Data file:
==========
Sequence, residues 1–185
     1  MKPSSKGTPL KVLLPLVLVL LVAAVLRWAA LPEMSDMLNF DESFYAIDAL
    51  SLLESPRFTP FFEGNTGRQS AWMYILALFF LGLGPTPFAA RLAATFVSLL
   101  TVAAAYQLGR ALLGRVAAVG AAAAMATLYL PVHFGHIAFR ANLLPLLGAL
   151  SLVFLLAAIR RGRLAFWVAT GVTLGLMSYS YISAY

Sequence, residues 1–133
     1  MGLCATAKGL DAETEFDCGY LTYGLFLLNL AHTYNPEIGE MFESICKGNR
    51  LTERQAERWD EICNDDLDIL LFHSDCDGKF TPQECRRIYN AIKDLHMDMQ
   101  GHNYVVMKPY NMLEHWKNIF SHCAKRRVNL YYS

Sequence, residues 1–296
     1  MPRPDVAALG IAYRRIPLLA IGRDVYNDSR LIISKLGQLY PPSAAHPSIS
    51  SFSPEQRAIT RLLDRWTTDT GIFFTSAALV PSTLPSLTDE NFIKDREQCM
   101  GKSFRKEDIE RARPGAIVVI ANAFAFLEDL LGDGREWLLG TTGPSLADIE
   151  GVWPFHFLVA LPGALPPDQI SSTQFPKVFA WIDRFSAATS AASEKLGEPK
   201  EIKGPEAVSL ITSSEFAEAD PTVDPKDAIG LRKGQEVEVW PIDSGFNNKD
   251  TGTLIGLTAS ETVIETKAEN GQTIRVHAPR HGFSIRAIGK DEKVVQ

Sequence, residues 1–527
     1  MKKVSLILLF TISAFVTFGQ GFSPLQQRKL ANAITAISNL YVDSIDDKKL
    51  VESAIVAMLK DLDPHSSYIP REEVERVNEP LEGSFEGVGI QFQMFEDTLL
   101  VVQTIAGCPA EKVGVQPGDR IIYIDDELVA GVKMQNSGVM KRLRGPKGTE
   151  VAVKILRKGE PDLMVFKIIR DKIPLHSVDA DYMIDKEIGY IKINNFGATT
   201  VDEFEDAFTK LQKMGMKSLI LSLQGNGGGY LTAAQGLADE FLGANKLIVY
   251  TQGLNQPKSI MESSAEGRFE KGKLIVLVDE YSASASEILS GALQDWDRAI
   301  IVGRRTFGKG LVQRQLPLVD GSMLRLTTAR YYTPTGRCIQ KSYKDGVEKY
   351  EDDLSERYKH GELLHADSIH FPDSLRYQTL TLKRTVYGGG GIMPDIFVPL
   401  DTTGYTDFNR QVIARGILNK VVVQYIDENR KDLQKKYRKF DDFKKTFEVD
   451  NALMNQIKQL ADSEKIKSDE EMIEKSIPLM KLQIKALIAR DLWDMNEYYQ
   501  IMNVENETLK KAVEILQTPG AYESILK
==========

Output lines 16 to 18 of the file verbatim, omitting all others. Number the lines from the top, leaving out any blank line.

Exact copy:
   251  TGTLIGLTAS ETVIETKAEN GQTIRVHAPR HGFSIRAIGK DEKVVQ

Sequence, residues 1–527
     1  MKKVSLILLF TISAFVTFGQ GFSPLQQRKL ANAITAISNL YVDSIDDKKL